Last known location: London, England

The Long Road North

After Siem Reap our plan was to head to the border with Laos, and then travel north through the narrow strip of southern Laos, following the Mekong river to the capital Vientiane, taking a week or so to travel the 900 miles with a few stops along the way.

The first leg of the journey was the 8 hour trip to Kratie, a small Cambodian town near the border. We set off from our hotel at 5am to catch the coach from the travel agent’s round the corner. When we arrived all we could see was a tiny minibus, and after waiting around for a while it turned out that that was our transport, not quite what we were sold. An hour later, we were still sat there, and the 15-seater minibus by then had 21 people on board! Because there was so much luggage all the bags were tied into the tiny boot, and the backdoor was then tied down half-closed. A small Cambodian man was then lying on top of all the luggage and slightly unbelievably another one was standing with his feet inside the back holding on to the roof – he stayed in this position for a total of 4 hours as we sped along!

Eventually we met up with a proper bus coming from Phnom Penh – this was also full though so we had to sit in aisle for half an hour or so. A little while later the bus itself started to have a few issues. After stopping 3 or 4 times to let the engine cool down it finally gave up the ghost with water pouring out the back. After an hour stood in the middle of nowhere we eventually got on the move again thanks to some magic involving superglue and talcum powder! We finally arrived in Kratie 4 hours late, and not in the best of moods!

Kratie was a tiny place, and the next morning we were back on the bus heading for Laos. We left Cambodia and crossed the deserted border, but not before having to pay the border guards on either side a few dollars each to have our passports stamped. The money went straight into their pockets, and Gem was keen to kick up a fuss as we had to pay more than some of the other westerners on the bus, but i didn’t think aggravating border guards was a good idea!

Our next stop was the area known as the 4000 Islands, a wide stretch of the Mekong with waterfalls, and obviously plenty of islands! We spent a night on Don Det, reaching the island by boat as the sun was setting, and checking into a tiny bungalow on stilts on the rivers edge. The islands have only had electricity in the last few years, and there isn’t much to do other than sit in a hammock watching the scenery. That night we met a few other travellers who’d been doing exactly that for a week or more and had no intention of moving on!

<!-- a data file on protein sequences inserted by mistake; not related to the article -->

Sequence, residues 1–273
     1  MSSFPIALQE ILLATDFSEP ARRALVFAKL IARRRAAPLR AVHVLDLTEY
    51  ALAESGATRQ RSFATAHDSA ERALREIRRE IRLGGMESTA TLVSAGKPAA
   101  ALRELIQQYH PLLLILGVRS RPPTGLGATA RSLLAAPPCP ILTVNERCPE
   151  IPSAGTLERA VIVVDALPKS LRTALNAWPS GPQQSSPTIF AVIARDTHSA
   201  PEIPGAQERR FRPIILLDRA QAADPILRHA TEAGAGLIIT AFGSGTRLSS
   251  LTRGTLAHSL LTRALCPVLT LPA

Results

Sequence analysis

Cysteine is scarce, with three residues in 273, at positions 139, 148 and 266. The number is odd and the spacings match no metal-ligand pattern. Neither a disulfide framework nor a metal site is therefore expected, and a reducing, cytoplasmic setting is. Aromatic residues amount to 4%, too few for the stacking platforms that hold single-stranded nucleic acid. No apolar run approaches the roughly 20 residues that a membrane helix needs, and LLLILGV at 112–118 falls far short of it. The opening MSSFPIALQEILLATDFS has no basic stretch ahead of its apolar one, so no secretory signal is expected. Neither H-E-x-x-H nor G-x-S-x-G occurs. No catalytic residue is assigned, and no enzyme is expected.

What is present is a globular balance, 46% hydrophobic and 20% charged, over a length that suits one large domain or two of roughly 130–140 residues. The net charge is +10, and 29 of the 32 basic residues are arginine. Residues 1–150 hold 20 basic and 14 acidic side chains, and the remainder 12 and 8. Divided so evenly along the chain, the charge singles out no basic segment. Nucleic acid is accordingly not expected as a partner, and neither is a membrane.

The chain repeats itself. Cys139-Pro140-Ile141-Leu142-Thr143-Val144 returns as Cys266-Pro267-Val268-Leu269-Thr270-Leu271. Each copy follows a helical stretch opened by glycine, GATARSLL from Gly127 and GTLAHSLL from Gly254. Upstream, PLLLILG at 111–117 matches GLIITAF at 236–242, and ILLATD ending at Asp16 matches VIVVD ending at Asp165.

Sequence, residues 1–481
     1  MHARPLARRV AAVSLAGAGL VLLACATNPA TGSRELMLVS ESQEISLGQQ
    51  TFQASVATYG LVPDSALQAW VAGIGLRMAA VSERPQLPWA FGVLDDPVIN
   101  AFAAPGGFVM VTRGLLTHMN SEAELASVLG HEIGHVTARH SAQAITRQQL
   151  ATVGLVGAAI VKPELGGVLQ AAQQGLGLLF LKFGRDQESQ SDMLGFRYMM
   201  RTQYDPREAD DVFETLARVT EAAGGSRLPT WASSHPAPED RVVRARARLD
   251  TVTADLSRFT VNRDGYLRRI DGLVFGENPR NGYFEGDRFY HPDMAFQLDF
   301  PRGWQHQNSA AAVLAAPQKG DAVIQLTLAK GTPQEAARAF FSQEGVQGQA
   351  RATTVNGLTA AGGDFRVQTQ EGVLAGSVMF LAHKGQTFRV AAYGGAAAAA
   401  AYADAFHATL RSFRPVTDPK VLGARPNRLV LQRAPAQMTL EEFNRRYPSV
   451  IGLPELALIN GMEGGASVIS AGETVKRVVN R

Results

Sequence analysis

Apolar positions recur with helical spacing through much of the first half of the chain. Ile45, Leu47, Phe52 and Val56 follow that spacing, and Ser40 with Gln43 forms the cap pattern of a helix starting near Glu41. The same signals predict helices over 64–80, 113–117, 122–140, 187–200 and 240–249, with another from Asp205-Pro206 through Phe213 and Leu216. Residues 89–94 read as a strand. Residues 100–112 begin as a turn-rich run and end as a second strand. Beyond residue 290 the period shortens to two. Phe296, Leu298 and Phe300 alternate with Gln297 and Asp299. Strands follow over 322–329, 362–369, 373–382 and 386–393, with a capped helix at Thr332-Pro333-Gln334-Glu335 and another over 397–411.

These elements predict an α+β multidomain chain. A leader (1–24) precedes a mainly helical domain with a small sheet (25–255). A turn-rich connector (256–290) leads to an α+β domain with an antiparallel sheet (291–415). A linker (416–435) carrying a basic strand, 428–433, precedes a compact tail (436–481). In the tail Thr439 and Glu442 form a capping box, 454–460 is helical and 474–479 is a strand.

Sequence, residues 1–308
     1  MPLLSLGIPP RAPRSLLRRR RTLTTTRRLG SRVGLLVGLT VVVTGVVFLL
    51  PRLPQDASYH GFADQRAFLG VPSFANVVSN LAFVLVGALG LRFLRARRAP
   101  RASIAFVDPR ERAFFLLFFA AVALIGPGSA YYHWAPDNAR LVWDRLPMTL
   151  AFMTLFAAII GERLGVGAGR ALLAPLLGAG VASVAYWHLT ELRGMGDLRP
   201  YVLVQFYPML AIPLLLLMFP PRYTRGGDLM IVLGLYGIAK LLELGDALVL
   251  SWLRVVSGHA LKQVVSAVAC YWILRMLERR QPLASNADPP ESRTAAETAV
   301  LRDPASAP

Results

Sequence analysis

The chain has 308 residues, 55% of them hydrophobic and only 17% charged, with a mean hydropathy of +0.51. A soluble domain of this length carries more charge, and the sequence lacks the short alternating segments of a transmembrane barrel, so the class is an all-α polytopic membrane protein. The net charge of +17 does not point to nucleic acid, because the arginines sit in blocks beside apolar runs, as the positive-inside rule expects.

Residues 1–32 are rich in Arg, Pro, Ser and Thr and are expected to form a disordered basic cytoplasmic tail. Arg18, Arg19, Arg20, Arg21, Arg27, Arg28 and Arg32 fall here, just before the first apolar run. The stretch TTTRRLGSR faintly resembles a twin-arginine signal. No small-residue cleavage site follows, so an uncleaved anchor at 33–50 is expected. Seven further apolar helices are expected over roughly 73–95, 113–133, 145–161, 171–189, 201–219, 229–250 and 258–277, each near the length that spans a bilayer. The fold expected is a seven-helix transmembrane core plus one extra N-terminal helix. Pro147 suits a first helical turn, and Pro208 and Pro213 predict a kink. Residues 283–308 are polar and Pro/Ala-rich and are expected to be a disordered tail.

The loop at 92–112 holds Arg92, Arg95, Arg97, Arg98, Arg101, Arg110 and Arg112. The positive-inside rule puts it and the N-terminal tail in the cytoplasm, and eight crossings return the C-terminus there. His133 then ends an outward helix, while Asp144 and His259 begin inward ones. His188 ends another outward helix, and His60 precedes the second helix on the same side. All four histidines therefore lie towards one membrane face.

The next morning we hired bikes and explored the island, before heading over the bridge to island of Don Khon, where we arranged another bungalow for the next 2 nights in a little village. We didn’t do much for the next couple of days, other than riding our bikes to find the waterfalls, reading, and having a Beer Lao watching the spectacular Mekong sunsets. Hard life!

We eventually moved on, catching the bus again, four hours to the town of Champasak, for another two night stopover. Calling it a town is a bit generous, as it was even quieter than on the islands with a couple of restaurants and pretty basic guesthouses (our room was £2), and a lot of locals lounging around or speeding about on mopeds. While we were there we saw the Angkor-era temples at Wat Phu, which provided spectacular views over the Mekong valley.

Next it was on to Pakse to catch a bus further north. It was half an hour or so on a Songthaew (literally Two Rows), basically a pick up truck with two benches in the back. The road to town was still being built, so the whole thing was full of a dust storm for the entire journey! That was followed by yet another coach journey and a stopover in Savannakhet – yet another tiny place (apparently though it’s the 2nd largest city in country!) with dingy hotels and not much happening – there seemed to be more dogs than people, and they loved having howling matches in the middle of the night!

We finally arrived in the Laos capital Vientiane after yet another journey, this time with the bus so full that people were sitting all the way down the aisle and hanging out the door! We were happy to finally arrive in a decent sized place and be staying there for more than a couple of nights!

1 Comment:
  1. Rose 28 Jan, 2011

    Oh my God, your bus journeys sound horrendous!! I hope you won’t be putting me through anything like that!!

    Hope the next part of your journey is not so traumatic!!


    Mum x x x

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